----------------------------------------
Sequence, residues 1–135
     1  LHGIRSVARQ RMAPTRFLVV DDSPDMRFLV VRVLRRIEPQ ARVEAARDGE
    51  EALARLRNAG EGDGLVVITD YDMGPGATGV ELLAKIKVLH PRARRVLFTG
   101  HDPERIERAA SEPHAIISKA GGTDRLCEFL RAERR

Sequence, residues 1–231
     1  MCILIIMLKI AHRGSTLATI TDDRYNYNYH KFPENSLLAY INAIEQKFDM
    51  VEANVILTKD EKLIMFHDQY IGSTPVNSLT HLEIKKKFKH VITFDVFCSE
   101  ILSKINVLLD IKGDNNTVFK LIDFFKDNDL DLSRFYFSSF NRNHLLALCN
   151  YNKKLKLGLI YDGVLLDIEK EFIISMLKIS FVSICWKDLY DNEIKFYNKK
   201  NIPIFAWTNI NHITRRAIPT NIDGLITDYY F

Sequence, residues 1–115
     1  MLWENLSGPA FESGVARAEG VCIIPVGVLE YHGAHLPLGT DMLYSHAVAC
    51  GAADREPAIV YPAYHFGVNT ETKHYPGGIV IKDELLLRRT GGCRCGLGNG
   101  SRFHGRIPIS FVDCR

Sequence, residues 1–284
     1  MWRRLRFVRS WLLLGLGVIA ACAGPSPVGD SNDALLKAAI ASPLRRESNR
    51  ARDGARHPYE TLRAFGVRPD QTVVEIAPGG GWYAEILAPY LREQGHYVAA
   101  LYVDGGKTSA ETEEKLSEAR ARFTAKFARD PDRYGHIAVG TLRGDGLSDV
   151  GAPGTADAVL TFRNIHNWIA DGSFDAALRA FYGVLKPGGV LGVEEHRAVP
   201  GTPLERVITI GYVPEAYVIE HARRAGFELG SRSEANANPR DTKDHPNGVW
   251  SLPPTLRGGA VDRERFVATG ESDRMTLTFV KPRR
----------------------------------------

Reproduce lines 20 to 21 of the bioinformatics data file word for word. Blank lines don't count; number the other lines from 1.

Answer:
   201  GTPLERVITI GYVPEAYVIE HARRAGFELG SRSEANANPR DTKDHPNGVW
   251  SLPPTLRGGA VDRERFVATG ESDRMTLTFV KPRR